• Polymer textile staple is feasible using existing facilities. Since the equipment used by different companies varies greatly, there will be differences in how the processes are carried out. Once the staple producer tailors its settings to the unique properties of PTT, it is possible to produce a wide variety of staple products suitable for use in spun yarn and non-woven textiles. Textile staple produced from PTT offers excellent loft and drape providing softness, bulk, compatibility in blends, easy-care, and shape retention in textile products. [0036]
  • 1.0 POLYMER MELTING [0037]
  • 1.1 Resin Transfer and Drying [0038]
  • Low energy air conveying systems minimize dust formation when transferring resin from shipping containers, processing equipment and storage facilities. Before extrusion, PTT resin should be dried to a constant moisture level of 50 ppm or less. This moisture specification minimizes the impact of resin degradation by hydrolysis during melt spinning. Many types of commercial dryers using desiccated air have successfully met this requirement. Dryers equipped with molecular sieves (13X & 4A), vacuum systems, and lithium chloride desiccants have met moisture requirements in commercial production. When possible, it is preferable to dry the polymer using 13X molecular sieve desiccated air (dew point of −40° C. or less) heated to 130° C. with 4-6 hours of drying time. Using dry air when transferring dried resin from the dryer to the extruder is essential to minimize hydrolysis during melt spinning. [0039]
  • In large commercial dryers, drying PTT at rates that can keep pace with extrusion throughput may be challenging. In this situation higher dryer temperatures may be needed. The PTT dryer air temperature should not exceed 165° C. Dryer residence time should not exceed 4 hours when using 165° C. air. [0040]
  • 1.2 Undrawn Yarn (UDY) Extrusion [0041]
  • A typical melt preparation system includes an extruder, spin beam, melt pump, and spin pack. The key is to establish a uniform, optimum polymer melt viscosity by minimizing melt process temperature and residence time. Commercial production of PTT UDY with both twin screw and single screw extruders is straightforward. In twin screw extruders it may be necessary to reduce the extruder melt pressure by as much as 25-50% (from PET conditions) to avoid excessive shear degradation of the polymer melt. Commercial production of PTT UDY uses extruder melt temperatures ranging from 245° C. to 270° C. Care must be taken when producing PTT UDY at melt temperatures between 260 to 270° C. to avoid excessive degradation of polymer melt and subsequent UDY properties. The optimal staple extrusion melt temperature for PTT is 245 to 253° C., preferably 245 to 250° C. Future PTT resins with lower intrinsic viscosity will likely require lower temperatures. FIG. 4 shows that better drawability is obtained when the polymer is extruded at 250° C. rather than at 240° C. or 260° C. [0042]
  • [0043] 2.0 UNDRAWN YARN (UDY) SPINNING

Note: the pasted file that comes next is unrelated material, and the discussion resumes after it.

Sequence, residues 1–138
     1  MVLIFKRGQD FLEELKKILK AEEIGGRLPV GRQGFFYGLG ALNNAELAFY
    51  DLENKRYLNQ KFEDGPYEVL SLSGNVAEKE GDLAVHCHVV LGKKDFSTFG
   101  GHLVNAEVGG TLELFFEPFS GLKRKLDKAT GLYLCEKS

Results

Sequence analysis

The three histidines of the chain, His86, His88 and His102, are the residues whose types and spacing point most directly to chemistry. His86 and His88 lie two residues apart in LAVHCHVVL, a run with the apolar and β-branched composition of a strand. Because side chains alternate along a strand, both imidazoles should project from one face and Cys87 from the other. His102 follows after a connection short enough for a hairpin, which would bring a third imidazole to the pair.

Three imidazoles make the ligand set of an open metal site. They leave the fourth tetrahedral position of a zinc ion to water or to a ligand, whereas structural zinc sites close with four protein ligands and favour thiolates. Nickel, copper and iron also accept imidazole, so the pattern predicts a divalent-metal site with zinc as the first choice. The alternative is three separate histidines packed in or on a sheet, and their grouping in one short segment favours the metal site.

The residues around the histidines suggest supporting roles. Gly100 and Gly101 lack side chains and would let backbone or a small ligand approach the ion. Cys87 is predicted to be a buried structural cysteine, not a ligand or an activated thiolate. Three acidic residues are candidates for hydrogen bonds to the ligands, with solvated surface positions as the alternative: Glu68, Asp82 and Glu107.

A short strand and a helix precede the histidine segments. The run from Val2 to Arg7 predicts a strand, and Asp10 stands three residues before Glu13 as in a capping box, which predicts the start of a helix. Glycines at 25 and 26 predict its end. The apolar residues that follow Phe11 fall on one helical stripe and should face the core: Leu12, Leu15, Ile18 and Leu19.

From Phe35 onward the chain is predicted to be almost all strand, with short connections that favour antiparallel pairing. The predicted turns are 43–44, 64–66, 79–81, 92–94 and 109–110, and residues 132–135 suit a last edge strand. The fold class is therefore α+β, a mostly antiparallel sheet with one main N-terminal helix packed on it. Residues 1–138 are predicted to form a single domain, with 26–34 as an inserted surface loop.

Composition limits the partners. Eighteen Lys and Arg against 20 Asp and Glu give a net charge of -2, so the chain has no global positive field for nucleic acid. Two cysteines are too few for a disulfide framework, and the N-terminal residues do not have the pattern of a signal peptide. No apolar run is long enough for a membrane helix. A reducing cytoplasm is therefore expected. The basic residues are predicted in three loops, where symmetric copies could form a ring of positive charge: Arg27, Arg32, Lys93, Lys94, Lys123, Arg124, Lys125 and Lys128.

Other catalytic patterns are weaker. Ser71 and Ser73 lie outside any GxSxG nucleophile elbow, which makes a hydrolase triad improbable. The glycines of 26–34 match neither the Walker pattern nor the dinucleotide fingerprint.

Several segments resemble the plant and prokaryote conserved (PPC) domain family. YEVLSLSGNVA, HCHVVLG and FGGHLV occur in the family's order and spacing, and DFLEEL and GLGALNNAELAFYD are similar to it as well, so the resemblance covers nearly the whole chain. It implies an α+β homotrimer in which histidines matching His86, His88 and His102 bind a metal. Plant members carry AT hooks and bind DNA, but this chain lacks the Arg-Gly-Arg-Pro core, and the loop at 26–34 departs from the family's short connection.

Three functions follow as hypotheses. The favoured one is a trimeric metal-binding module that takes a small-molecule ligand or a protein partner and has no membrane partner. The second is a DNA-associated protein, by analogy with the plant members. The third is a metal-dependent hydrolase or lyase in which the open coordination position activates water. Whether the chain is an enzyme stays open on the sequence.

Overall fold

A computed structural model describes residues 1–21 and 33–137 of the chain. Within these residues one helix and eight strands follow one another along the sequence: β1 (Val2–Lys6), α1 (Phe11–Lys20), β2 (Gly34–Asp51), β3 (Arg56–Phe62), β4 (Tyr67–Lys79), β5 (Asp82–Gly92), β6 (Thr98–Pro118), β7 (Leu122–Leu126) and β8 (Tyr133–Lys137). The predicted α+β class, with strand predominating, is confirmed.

• 2.1 Spin Beams, Pumps, and Packs [0044]
  • Trials using mono-component and bi-component extrusion systems to produce PTT staple UDY were successful. Spin pump volume and revolution control systems sized for PET usually meet the lower through put per position requirement for PTT staple. The filtration media should have minimum pore size of 30 microns. Often commercial spin packs use a minimum amount of filtration media. In the early stages of developing a PTT staple production process, it is preferable to use a standard filtration depth of medium/course sand (90/120 mesh). Evaluation of filament diameter uniformity will help determine if spin pack filtration or extrusion system melt pressure need optimization. [0045]
  • Staple extrusion systems are engineered for a specific range of resin viscosity, throughput, melt temperature, and residence time. In general, the hole-throughput needed to make PTT staple is usually 20-30% lower than that for PET products of comparable denier. This essentially increases the residence time for PTT extruded with PET staple production equipment. The increase in melt residence time can lead to degradation if melt temperatures are higher than 260° C. Transfer line and spin beam heating systems should equal the extruder outlet polymer temperature if possible. [0046]
  • 2.2 Spinnerets [0047]
  • Spinneret selection depends on the target product denier and is determined by the limiting throughput per hole-minute for stable melt spinning. In general PTT staple can use standard PET spinneret designs for similar products. However, PTT staple generally requires smaller capillary diametres for low denier products when compared to PET staple production. PTT resins have an upper shear rate limit of 7500-9000 reciprocal seconds for round cross sections depending on melt extrusion conditions. [0048]
  • Spinneret selection based on target staple product denier is shown in Table I. [0049] TABLE I Spinneret Selection Chart 1.0-1.3 1.30-1.75 1.40-1.85 Fine Denier Range at 1100 m/min dpf dpf dpf Spinneret diameter (mm) 0.23 0.25 0.35 Spinneret l/d 1.85 1.85 1.85-2.0 Limiting Throughput per hole 0.32 0.41 0.45